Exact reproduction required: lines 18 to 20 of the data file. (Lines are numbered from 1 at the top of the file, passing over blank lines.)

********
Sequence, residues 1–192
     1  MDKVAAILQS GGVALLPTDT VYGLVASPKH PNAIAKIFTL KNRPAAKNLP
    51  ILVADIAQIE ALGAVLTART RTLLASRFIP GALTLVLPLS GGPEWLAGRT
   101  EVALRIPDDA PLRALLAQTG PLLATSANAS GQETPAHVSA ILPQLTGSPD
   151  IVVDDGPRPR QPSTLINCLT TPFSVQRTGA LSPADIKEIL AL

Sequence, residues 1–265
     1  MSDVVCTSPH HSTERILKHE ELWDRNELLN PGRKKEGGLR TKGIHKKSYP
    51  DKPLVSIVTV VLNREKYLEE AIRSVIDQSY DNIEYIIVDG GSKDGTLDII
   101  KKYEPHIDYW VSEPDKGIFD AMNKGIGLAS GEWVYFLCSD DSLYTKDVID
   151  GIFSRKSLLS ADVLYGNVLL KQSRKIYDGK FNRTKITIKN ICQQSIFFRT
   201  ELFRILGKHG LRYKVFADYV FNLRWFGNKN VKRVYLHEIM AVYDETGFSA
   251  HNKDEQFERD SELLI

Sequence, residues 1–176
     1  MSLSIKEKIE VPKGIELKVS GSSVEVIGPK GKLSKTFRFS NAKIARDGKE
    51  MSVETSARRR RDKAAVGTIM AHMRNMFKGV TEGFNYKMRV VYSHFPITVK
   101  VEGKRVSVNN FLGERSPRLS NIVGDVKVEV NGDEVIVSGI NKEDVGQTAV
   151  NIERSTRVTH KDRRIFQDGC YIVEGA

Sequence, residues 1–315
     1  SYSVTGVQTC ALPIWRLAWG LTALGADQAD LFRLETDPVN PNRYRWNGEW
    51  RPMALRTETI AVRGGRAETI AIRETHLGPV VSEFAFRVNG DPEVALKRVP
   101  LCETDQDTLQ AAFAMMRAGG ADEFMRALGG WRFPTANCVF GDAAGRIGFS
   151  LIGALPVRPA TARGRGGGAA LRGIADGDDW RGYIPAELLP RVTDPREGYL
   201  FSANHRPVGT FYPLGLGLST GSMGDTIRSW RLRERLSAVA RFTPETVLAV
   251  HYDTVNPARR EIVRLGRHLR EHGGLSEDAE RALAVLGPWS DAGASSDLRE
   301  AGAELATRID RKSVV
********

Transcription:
Sequence, residues 1–315
     1  SYSVTGVQTC ALPIWRLAWG LTALGADQAD LFRLETDPVN PNRYRWNGEW
    51  RPMALRTETI AVRGGRAETI AIRETHLGPV VSEFAFRVNG DPEVALKRVP